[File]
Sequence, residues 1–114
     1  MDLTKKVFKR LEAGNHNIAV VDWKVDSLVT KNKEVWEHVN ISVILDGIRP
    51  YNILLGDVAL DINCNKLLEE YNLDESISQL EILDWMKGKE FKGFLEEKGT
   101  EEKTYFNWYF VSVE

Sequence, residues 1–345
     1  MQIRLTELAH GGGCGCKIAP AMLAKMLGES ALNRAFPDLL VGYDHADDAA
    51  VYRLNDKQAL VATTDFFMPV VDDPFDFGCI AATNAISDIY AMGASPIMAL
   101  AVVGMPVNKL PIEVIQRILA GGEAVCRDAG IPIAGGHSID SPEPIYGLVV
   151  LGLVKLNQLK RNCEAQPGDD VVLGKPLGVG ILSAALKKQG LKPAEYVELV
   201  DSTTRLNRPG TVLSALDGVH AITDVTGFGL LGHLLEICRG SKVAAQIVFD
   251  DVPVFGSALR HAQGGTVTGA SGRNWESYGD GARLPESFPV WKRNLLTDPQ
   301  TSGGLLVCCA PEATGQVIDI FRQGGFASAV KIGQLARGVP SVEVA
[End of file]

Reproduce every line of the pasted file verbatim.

Sequence, residues 1–114
     1  MDLTKKVFKR LEAGNHNIAV VDWKVDSLVT KNKEVWEHVN ISVILDGIRP
    51  YNILLGDVAL DINCNKLLEE YNLDESISQL EILDWMKGKE FKGFLEEKGT
   101  EEKTYFNWYF VSVE

Sequence, residues 1–345
     1  MQIRLTELAH GGGCGCKIAP AMLAKMLGES ALNRAFPDLL VGYDHADDAA
    51  VYRLNDKQAL VATTDFFMPV VDDPFDFGCI AATNAISDIY AMGASPIMAL
   101  AVVGMPVNKL PIEVIQRILA GGEAVCRDAG IPIAGGHSID SPEPIYGLVV
   151  LGLVKLNQLK RNCEAQPGDD VVLGKPLGVG ILSAALKKQG LKPAEYVELV
   201  DSTTRLNRPG TVLSALDGVH AITDVTGFGL LGHLLEICRG SKVAAQIVFD
   251  DVPVFGSALR HAQGGTVTGA SGRNWESYGD GARLPESFPV WKRNLLTDPQ
   301  TSGGLLVCCA PEATGQVIDI FRQGGFASAV KIGQLARGVP SVEVA